The 95-year-old Baroota Reservoir is overflowing after heavy rain in the district.
The dam was built in 1921 to supply water to Port Pirie and other northern parts of the Beetaloo distribution system.
Although wet weather delayed its construction, several dry years followed its completion. It wasn't until 1932 that the dam held enough water for the spillway to overflow.
Since the mid-1980s, the reservoir has spilled five times.
An SA Water spokesman said this included the latest spilling event which began in late September. Before this, water levels had not reached capacity since 2001.
The dam was originally built with a stone-pitched spillway, but because of damage to the structure in the mid-1950s, a concrete-lined channel was created. In 1974, the channel failed and a new spillway was built in 1978.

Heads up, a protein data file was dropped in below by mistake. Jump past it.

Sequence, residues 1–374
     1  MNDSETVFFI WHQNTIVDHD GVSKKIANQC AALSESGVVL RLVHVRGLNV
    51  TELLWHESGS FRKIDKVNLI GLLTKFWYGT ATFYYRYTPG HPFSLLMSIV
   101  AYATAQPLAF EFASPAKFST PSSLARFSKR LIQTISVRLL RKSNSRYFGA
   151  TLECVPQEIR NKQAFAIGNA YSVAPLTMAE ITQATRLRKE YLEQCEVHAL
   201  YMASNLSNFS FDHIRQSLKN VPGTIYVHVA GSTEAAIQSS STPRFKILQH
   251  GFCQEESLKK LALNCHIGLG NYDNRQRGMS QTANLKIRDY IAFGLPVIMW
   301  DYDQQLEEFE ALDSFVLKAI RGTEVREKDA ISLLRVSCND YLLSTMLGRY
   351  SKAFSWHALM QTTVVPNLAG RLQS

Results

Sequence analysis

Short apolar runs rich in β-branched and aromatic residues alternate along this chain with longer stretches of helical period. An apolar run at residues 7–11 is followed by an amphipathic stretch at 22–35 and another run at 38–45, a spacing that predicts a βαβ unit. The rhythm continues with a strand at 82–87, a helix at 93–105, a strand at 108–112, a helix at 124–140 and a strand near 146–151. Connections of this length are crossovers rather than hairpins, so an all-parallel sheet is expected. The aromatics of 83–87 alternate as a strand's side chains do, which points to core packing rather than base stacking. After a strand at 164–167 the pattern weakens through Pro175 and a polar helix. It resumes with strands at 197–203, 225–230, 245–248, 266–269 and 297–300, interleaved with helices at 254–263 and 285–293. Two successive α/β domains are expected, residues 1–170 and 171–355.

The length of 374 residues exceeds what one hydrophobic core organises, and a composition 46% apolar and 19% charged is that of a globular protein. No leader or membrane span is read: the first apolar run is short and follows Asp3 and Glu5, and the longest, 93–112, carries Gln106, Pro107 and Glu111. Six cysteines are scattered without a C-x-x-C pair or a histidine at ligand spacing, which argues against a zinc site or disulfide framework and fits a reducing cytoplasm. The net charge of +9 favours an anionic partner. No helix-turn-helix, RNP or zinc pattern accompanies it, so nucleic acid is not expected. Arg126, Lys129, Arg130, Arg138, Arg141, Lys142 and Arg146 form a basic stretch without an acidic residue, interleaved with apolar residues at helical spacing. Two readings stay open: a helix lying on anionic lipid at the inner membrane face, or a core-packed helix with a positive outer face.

The reservoir is offline – not supplying drinking water to customers – but is used for some small irrigation purposes. The dam is on the Baroota Creek to the north-east of Port Germein.
At capacity, Baroota holds 6140 megalitres. This time last year, the reservoir was at 3060 megalitres. The reservoir’s wall is 301 metres long and 30 metres high.
Overflow from the dam enters Baroota Creek which eventually reaches the sea at Port Germein.
Local residents say this has increased tidal surges.